Tips to Help Investigation and White Collar Crime Lawyers Serve More Efficiently

The field of law is wide, giving lawyers a vast quantity of depth and strength in different geographical areas. They use their knowledge in their fields of specialization to help clients navigate issues and reach practical solutions. This article examines a few challenges lawyers face and the best way to respond to them.

1. On Self-reporting and Cooperation

A lawyer can face tough decisions regarding how to self-report or cooperate with authorities – or if at all they should. Furthermore, it does not help that authorities do not all have the same record of active enforcement. Cooperation has benefits and drawbacks, which vary by jurisdiction, including substantial discounts on fines for companies that plead guilty before conviction.

Your response: first, consider the time and cost of cooperating and the potential financial and reputational upside. Then, compare this with what might happen if the company did not cooperate but took a more passive stance.

2. On Your Data

Cybersecurity will always be a priority, although the risks have increased thanks to the post-pandemic economic environment. Critical cybersecurity threats include a 300 percent increase in ransomware attacks and denial of service attacks. The compliance and enforcement agendas of many authorities will always choose cybersecurity as a favorite.

Your response: invest in experienced cybersecurity personnel and strong defenses as you implement robust procedures that keep a business ready. The business should be ready to react to, respond to, and deal with incidents on time while considering stakeholders’ concerns.

3. On Unmonitored Business Communication Channels

It is common to find unauthorized use of unsanctioned personal devices and encrypted communication software applications. Meanwhile, this is significantly risky to those in regulated sectors and limits internal investigators’ prompt access to facts when there is a misconduct allegation. The Department of Justice has issued new guidance for all companies, including but not limited to those in highly regulated sectors.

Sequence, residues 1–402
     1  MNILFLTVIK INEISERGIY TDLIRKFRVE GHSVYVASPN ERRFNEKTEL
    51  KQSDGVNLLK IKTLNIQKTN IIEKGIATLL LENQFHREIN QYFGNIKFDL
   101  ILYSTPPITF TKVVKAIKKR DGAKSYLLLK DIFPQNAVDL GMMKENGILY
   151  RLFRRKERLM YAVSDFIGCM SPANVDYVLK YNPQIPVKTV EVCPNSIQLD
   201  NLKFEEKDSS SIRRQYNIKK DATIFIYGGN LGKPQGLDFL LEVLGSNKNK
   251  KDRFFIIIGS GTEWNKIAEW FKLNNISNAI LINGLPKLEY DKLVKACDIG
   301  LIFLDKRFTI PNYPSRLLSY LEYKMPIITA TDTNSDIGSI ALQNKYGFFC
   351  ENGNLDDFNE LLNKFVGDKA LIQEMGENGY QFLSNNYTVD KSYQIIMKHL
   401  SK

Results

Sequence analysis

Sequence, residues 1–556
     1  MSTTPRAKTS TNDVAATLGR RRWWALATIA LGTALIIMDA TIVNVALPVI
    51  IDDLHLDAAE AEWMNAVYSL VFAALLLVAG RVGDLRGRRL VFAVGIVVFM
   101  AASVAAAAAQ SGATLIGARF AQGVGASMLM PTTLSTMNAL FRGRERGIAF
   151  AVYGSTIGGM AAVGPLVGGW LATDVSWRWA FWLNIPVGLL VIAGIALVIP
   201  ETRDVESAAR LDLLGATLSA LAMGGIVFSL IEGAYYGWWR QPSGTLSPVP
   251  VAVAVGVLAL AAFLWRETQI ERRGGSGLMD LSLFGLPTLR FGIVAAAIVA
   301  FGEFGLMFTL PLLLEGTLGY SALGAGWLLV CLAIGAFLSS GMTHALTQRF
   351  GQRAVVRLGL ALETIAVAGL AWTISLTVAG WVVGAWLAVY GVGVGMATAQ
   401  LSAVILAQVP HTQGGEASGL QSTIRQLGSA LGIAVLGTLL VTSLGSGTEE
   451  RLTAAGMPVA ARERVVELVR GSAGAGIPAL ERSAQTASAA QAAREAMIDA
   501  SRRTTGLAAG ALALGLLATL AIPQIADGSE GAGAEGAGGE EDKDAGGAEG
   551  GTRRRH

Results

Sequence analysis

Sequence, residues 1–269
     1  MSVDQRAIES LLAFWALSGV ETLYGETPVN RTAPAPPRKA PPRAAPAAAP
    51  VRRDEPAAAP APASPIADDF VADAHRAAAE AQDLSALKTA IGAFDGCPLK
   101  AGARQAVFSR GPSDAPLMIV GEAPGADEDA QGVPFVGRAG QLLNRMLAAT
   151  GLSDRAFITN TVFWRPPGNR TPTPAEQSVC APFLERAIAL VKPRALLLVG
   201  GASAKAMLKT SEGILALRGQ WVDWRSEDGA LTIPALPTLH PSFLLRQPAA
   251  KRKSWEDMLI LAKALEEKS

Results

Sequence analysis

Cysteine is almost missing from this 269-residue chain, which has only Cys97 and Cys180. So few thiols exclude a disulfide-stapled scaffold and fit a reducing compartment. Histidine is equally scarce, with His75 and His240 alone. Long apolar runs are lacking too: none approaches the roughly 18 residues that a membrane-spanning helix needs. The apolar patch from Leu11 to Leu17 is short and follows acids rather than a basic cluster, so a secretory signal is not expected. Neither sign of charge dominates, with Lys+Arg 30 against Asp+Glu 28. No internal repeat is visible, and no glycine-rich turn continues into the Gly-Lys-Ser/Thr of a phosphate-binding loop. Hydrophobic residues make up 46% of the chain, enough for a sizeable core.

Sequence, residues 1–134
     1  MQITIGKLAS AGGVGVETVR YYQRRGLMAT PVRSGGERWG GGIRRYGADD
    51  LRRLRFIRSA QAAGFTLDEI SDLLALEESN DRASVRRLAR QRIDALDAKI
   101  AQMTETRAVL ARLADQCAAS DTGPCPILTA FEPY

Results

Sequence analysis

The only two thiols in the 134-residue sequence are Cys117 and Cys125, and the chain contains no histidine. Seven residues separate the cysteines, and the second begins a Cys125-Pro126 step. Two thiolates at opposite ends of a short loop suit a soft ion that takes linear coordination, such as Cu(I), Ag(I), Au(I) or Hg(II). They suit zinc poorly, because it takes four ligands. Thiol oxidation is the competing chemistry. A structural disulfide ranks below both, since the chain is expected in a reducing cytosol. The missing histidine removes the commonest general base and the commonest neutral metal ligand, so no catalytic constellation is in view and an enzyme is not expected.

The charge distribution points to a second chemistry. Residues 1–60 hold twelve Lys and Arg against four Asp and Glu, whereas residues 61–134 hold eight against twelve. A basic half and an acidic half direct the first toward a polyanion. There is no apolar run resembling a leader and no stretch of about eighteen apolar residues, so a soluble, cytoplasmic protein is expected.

Your response: Heads of Risk need to ensure the active policing of employment policies and agreements to ensure they fit their purpose. For example, they can specify that under no circumstances should anyone use personal devices for business purposes. Also, you can investigate how technology can aid quick and effective data review to pinpoint vital communications during an investigation.

4. On Supply Chain Pressures Leading to Misconduct

There is an increased pressure on supply chains due to the post-pandemic pressures and Russia’s invasion of Ukraine. Meanwhile, the pressure to find solutions can lead to misconduct and violation of laws on financial sanctions, bribery and corruption, and terrorism financing. Plus, specific supply chain due diligence laws and enhanced expectations can mean the misconduct will go unnoticed.

Your response: ensure the sharing of commercial knowledge on pressure points among those responsible for providing risk-based policy training. Furthermore, you can mitigate those risks by identifying personnel or areas of higher risk using geographies and current events. You also want to check the local controls as well as their oversight.

5. On Corporate Accountability on Human Rights and Environmental Issues

There is bound to be increased scrutiny of corporate behavior, with higher standards of corporate accountability manifesting in various ways globally. Also, a broader range of stakeholders are experiencing a massive amount of pressure from employees, activist shareholders, and others. According to attorney David Lish of Grand Canyon Law Group, “All of these happen because people use litigation and reputational levers to hold companies accountable for human rights violations.”

Your response: Companies should check to ensure their whistleblowing and compliance procedures are in order. If misconduct is suspected or confirmed, internal investigations should consider the real risk of follow-on criminal or civil litigation.

Conclusion

Corporations and businesses face a wide variety of challenges. It is on their lawyers to help them navigate these challenges and proffer effective solutions.